You, of course, hope to read every book you buy; otherwise you wouldn't buy it, right?

Wrong. Think of the sensual gratification you get from holding books in your hand. Close your eyes and visualize the covers of books you have bought recently; let your eyes scan the delicious contours of the cover illustrations. Picture the gaps on your bookshelves--the empty spaces between the tightly-packed books and the shelf above. Picture the empty walls that could be filled with more bookshelves. Remember the unease with which you habitually respond to questions like "Have you read all these?" and "Where'd you buy all these?", especially when asked by students.

Another way of phrasing this question might be to ask how many bookstores there are in town where the sales personnel know you by name, university position, and preferred book-buying habits. Do you find yourself going out for a pack of cigarettes and a soda and stopping by the bookstore? When was the last time you walked out of a bookstore without buying something?

Testimonial. Hi, my name is Georgette and I'm an addict. I don't know when I began compulsively buying books; it doesn't matter, either. As my sponsor always says, it doesn't matter how your mule got in the ditch, the question is how to get it out. I do recall the end of my addiction, though--vividly. It was ugly. I went to the library to just "see if they were open." Of course, I knew they would be, and I knew that they were having a used book sale--they always do. I had an account with the librarian, a "friend" of mine who was becoming rather irritated since I had an outstanding balance of $2,897.25--all on books selling for a quarter. I had no cash save for the $2.75 I was going to use for a gallon of milk for my children's breakfast in the morning. I recall casually walking by the sale table, glancing down at the titles; I had no money, no credit, I couldn't possibly buy anything, right? The rest of the afternoon is hazy . . . I recall a lot of yelling at the circulation desk, some red faces, a torn book cover . . . leaving the library quickly with an armload of books, my money gone, my "friend" in hot pursuit . . . some really very nice young policemen . . . my girlfriend coming to the station . . . I was waiting in a holding cell . . . reading a book. She had to call my name several times before I heard her . . .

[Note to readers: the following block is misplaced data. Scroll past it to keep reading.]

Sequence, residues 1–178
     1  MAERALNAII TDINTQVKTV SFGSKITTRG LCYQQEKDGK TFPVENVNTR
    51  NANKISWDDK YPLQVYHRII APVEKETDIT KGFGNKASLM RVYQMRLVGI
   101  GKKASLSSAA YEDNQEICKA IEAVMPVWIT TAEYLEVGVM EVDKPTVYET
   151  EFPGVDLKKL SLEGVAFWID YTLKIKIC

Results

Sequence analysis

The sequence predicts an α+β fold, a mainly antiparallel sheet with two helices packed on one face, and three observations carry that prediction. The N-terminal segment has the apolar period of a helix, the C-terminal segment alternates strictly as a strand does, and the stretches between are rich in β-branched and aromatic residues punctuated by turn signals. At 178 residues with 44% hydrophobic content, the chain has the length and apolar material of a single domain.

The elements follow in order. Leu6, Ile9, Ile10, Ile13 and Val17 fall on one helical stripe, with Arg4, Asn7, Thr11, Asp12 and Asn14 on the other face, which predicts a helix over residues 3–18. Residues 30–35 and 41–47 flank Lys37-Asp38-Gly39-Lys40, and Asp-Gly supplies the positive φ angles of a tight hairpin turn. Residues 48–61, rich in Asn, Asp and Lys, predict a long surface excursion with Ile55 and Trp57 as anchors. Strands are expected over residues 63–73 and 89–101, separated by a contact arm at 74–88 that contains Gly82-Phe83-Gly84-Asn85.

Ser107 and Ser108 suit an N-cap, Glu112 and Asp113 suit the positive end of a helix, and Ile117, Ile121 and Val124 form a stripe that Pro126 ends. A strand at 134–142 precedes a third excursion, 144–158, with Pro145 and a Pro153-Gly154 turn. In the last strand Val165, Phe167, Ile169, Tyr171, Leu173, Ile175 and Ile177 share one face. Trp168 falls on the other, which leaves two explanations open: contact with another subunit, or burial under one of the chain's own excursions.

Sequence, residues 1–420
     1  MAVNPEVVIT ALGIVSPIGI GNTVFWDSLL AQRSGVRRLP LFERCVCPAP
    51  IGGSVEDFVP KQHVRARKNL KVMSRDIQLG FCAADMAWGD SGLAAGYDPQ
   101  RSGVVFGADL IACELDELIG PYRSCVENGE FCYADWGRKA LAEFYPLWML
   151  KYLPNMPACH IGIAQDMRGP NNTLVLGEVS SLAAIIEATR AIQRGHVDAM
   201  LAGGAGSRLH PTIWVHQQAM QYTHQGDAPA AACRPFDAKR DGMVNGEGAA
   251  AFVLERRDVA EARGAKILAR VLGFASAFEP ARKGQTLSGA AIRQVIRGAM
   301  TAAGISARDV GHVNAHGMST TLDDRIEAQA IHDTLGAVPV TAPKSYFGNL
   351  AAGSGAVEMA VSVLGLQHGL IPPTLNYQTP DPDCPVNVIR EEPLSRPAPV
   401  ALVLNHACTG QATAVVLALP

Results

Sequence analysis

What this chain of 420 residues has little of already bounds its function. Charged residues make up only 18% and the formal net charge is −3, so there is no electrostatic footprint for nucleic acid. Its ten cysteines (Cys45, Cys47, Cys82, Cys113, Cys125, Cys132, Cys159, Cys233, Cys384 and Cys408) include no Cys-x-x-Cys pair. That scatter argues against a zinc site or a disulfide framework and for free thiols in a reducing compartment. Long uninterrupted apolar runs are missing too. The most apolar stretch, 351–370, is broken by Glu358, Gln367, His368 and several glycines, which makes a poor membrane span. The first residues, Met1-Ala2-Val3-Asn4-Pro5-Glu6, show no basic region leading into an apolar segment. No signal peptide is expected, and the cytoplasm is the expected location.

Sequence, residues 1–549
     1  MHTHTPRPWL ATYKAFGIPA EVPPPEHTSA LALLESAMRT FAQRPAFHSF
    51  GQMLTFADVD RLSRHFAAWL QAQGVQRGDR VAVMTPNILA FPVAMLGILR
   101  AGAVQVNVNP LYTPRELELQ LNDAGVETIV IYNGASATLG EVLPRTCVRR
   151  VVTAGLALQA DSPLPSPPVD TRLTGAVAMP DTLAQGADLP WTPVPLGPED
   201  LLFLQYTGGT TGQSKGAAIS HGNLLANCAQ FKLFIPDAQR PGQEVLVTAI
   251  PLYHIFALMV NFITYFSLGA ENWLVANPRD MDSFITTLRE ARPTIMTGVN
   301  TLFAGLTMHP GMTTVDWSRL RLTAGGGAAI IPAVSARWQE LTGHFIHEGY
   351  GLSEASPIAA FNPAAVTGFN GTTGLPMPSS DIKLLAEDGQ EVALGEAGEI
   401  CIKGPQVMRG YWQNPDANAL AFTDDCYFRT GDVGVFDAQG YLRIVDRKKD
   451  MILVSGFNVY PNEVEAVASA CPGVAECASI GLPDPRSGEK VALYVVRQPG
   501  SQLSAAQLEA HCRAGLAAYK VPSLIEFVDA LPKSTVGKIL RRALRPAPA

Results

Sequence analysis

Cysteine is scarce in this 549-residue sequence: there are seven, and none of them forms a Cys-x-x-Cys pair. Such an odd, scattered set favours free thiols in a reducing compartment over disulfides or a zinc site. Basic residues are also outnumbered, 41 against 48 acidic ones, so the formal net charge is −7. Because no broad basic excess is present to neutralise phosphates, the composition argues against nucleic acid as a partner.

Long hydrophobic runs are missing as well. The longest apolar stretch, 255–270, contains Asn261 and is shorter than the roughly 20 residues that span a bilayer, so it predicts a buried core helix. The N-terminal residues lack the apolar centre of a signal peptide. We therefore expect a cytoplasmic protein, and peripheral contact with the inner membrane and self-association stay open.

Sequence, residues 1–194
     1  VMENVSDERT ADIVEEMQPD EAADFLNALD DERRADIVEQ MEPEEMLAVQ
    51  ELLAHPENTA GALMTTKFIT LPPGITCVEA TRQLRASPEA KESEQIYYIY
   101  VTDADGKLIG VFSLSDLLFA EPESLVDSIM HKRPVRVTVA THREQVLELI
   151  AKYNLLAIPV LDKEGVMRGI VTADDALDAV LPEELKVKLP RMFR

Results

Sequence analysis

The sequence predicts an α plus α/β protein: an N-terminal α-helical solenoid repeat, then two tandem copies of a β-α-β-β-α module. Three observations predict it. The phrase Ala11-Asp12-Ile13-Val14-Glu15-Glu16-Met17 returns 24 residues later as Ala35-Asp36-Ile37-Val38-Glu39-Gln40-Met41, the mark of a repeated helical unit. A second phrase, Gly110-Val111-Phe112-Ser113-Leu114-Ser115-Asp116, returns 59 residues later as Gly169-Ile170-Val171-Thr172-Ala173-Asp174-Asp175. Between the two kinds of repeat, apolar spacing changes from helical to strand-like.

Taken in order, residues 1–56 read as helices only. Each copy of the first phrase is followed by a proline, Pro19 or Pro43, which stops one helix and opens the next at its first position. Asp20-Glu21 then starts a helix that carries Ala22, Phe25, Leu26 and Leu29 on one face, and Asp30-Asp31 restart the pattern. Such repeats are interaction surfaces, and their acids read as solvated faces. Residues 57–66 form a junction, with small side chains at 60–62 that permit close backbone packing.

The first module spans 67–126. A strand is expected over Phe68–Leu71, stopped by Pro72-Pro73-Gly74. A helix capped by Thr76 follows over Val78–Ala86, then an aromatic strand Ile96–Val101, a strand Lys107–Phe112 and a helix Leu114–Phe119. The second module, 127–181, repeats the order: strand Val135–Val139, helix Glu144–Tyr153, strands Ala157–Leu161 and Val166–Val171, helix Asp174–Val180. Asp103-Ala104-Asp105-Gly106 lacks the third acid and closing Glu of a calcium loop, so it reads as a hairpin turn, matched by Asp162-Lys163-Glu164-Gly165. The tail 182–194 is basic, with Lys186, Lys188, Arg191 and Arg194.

She suggested that I go with her to an Academics Anonymous meeting that night. "I didn't know you belonged to that group," I recall saying to her. "Why, yes." "But I never see you reading anything . . ." "Exactly," she said, and took me by the hand to my first meeting. At once, as the chair read the preamble, I knew I was where I belonged.

(Well, we were there when she walked in, and this isn't exactly how it went. She sat in the back twisting and turning, making faces, sighing with boredom, until almost the end, when she suddenly burst into tears. Everybody stopped and turned to look at her, rushed to her side, stroked her face, until she began to sputter out her story. (DR/BK)

(Of course, I was only there out of respect for Doug. I'm not an academic. BK.)

Oh, sure, it's been hard. I've had several "slips."

(She calls them "slips." In group we discovered that buying books of "poetry" didn't "really" count for Georgette; she also enjoyed reading the text of Academics Anonymous, protesting, when taken to task for this, "But isn't this therapeutic?" DR/BK)

But I take it one day at a time, and use my blinders when necessary. I still think back on my "bottom," though, with my "friend" at the library. God! I never want that to happen again . . . thank goodness for Academics Anonymous. You know, I saw my "friend" just the other day and she asked how I was doing. I just smiled and said, "I haven't bought or read anything more than a horoscope and a poem or two in three months!" And I know that I am one of the lucky ones. I was only a part-time instructor when I caught my problem and decided to do something about it. My father, God rest his soul, went to his grave a full professor without the slightest inkling that there was a better life out there just waiting for him to reach out and grasp it.

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Copyright 1993 Doug Robinson and Denialozine Kaul